Commentary

Barnett: Another pathetic Tillis flip-flop on SCOTUS

Be sure to check out News & Observer columnist Ned Barnett’s on-the-mark assessment of Sen. Thom Tillis’s latest flip-flop for the ages this morning.

Tillis, who four-plus years ago shamelessly helped block President Obama’s nomination of Merrick Garland to the Supreme Court based on the premise that it was a presidential election year, is of course talking out of the other side of his mouth today.

This is from Barnett’s column — “With Supreme Court flip-flop, Sen. Tillis seeks to hold his seat by abdicating his job”:

Not only does Tillis endorse the Senate considering Trump’s nominee late in an election year, he’s committed to voting yes before the nominee is vetted or testifies.

Tillis has now improbably managed to outdo his last spectacular flip-flop. Remember his 2019 op-ed in The Washington Post in which he said he could not in good conscience apply a double standard to presidents because of their party? He wrote that he opposed Obama’s executive orders to get around congressional opposition and he would oppose Trump’s declaration of a national emergency to get funds for the southern border wall.

But, under pressure for taking an honest stance, Tillis promptly turned around and voted in support of the president’s usurpation of Congress’ sole authority to allocate funds.

It’s an odd campaign strategy to run for office as a senator who will be a rubber stamp for the most incompetent, deceitful and self-aggrandizing president in U.S. history. But that’s Tillis’ platform.

Click here to read the entire column.
Courts & the Law, News, Trump Administration

Trump says he’ll announce Supreme Court pick by Friday or Saturday

Environment

Breaking: Coal ash released after sinkhole collapse in Mooresville

This is a developing story and will be updated as more information becomes available.

Coal ash from a structural fill site entered an unnamed stream after a sinkhole formed in Mooresville, state regulators announced today.

The sinkhole was in a parking lot built on top of a coal ash structural fill site off NC Highway 150. The North Carolina Department of Environmental Quality did not specify which fill site was affected, but state records show a previous sinkhole in a parking lot of the Terry K Smith Highway 150 project.

This site contains 45,833 tons of coal ash, sourced from Duke Energy’s Marshall Steam Station, located on nearby Lake Norman.

DEQ said in a press release that a stream culvert pipe collapsed under a coal ash structural fill during heavy rains on Thursday, Sept. 17, that caused a previously repaired sinkhole in a parking lot to reopen.

The orange square represents the Terry K Smith Highway 150 project in Mooresville. A sinkhole opened in a parking near Highway 150, which released coal ash from a structural fill site into an unnamed stream. (Map DEQ)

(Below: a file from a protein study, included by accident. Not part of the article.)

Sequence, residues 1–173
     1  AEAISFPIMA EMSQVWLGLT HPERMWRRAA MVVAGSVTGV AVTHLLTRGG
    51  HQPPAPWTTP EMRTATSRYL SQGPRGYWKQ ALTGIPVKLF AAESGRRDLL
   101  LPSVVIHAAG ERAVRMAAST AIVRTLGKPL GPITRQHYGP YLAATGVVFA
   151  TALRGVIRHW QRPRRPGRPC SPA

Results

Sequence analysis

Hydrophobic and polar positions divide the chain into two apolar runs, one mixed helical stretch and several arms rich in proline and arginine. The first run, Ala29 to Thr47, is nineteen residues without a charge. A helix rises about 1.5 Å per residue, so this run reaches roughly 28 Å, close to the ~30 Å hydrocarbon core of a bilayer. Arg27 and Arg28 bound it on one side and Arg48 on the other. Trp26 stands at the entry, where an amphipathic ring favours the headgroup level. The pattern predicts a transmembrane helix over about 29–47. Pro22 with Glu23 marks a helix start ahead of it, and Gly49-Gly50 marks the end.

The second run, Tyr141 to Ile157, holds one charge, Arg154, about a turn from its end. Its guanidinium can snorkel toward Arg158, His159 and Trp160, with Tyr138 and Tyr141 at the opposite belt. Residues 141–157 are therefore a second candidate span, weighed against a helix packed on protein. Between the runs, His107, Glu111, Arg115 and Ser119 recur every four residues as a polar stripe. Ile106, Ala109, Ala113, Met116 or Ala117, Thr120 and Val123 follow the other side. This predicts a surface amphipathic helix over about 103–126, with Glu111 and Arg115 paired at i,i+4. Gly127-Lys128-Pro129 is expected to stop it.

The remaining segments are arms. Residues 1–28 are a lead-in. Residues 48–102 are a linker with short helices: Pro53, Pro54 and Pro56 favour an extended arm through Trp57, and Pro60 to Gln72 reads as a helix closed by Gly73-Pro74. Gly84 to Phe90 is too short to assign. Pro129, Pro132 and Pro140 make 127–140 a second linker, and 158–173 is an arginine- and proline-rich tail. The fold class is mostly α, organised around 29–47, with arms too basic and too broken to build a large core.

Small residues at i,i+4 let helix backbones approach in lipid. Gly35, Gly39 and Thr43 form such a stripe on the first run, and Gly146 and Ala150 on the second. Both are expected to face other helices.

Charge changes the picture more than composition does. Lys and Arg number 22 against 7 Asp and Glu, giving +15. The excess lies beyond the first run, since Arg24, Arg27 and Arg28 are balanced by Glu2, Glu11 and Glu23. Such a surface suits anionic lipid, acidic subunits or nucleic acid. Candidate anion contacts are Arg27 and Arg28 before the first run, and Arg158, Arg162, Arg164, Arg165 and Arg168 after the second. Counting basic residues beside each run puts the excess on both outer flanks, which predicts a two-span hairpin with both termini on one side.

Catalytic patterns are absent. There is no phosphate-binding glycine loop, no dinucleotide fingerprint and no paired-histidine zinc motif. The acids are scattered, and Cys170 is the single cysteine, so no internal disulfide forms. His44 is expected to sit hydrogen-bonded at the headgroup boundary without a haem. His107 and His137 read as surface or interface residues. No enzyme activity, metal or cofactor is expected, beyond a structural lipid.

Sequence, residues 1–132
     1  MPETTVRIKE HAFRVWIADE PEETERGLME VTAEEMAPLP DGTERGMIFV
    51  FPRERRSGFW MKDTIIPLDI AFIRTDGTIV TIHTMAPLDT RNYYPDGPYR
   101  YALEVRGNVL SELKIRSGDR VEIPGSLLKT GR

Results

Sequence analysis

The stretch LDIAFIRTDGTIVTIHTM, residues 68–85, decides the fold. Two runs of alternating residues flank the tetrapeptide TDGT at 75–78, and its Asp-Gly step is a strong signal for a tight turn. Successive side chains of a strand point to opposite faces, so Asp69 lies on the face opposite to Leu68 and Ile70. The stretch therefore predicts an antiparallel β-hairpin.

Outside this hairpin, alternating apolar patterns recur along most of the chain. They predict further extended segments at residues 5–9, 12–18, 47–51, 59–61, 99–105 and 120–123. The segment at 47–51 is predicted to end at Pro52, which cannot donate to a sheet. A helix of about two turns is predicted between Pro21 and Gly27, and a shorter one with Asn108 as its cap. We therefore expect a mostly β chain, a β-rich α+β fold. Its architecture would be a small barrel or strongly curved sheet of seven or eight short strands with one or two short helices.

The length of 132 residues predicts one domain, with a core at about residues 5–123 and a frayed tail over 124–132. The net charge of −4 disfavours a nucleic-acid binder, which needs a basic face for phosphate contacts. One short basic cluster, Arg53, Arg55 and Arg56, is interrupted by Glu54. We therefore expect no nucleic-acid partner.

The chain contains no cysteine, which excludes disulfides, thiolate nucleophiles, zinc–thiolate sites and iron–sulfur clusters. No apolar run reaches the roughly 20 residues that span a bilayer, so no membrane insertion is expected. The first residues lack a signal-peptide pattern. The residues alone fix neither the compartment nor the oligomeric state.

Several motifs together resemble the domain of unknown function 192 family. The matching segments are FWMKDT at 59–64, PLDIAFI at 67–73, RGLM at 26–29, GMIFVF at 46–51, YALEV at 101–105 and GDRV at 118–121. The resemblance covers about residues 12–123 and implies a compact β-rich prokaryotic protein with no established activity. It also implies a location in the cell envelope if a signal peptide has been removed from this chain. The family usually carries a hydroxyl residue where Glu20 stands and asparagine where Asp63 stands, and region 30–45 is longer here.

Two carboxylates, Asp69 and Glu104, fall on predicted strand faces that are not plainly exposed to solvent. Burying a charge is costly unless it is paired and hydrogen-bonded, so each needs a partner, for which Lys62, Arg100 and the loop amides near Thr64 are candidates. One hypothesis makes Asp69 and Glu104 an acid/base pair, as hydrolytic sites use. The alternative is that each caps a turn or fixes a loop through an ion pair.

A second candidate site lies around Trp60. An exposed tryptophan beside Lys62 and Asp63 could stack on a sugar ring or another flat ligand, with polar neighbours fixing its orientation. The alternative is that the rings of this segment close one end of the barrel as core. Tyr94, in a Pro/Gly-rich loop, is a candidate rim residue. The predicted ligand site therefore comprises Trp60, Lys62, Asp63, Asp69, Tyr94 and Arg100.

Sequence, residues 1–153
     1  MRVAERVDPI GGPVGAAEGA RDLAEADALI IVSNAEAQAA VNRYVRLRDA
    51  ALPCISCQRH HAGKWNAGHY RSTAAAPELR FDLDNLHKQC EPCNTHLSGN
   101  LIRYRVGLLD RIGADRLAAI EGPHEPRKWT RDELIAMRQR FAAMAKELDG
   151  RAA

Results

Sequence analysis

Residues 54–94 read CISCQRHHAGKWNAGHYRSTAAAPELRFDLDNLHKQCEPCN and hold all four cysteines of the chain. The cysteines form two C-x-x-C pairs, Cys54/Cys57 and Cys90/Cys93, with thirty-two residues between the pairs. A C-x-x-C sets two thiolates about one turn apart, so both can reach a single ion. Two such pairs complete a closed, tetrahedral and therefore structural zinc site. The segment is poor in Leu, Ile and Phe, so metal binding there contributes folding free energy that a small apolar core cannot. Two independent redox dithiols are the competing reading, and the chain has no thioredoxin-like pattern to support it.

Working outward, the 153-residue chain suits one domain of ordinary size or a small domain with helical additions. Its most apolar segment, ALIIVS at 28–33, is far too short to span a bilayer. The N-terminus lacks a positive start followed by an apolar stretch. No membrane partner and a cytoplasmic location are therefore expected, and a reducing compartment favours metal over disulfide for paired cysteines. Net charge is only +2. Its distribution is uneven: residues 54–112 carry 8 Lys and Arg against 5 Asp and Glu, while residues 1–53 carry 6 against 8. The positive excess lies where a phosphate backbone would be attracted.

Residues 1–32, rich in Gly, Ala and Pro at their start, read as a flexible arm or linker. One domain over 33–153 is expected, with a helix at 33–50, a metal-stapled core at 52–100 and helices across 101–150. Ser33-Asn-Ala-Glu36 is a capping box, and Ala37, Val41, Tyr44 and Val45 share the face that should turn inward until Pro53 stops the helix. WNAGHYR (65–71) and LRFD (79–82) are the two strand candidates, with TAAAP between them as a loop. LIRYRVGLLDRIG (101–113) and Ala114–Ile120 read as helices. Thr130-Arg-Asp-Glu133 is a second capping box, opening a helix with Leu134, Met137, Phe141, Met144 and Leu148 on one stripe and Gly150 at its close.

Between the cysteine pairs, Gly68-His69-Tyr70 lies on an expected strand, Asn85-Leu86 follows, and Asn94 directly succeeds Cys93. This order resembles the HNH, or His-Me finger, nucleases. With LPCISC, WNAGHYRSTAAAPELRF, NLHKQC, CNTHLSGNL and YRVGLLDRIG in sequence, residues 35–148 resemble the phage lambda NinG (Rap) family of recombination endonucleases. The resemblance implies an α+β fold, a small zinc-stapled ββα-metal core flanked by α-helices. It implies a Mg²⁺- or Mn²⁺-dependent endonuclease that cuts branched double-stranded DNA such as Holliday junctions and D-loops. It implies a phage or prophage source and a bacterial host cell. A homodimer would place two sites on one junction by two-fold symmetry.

DEQ said it has been monitoring the sinkhole since becoming aware of it during a site inspection in July of 2019. The property owner had previously repaired the sinkhole in 2018 and 2019.

During site visits after the storm, sediment containing coal ash was observed in the stream bed of the unnamed tributary where it emerges south of Highway 150.

DEQ staff collected water quality samples from the stream and is conducting ongoing monitoring. The location is in the area of a state Department of Transportation expansion project, and DEQ has discussed necessary next steps with the property owner and NCDOT.  DEQ also alerted county and state emergency management authorities.

There are dozens of known coal ash structural fill sites in North Carolina, and more that have been reported but not documented.

 

 

Commentary, immigration

Immigrant families in NC are pleading with Tillis and Burr for assistance

Sen. Thom Tillis, left, and Sen. Richard Burr, right

It’s been over 200 days since the first COVID-19 relief package was signed into law. In a short time, immigrant communities across the country will once again find out where they stand in our leaders’ hearts and minds. Congress has passed not one, but three COVID-19 relief packages that have excluded thousands of immigrants here in North Carolina and millions more nationwide. A legislative response that protects all people requires leadership by Senator Thom Tillis and Senator Richard Burr.

In North Carolina, 889,000 people live in families with at least one non-citizen, including 321,000 children. El Pueblo and other immigrant-serving organizations throughout the state recognize the gap in COVID relief for immigrant communities and have opened mutual aid funds and other services to address this gap. Our top priority has been to distribute direct financial assistance to those who are not receiving any government aid. The amount of need is both astounding and frightening as we have moved many months into this crisis. We know that we are not able to help everyone who has been excluded by congressional leaders.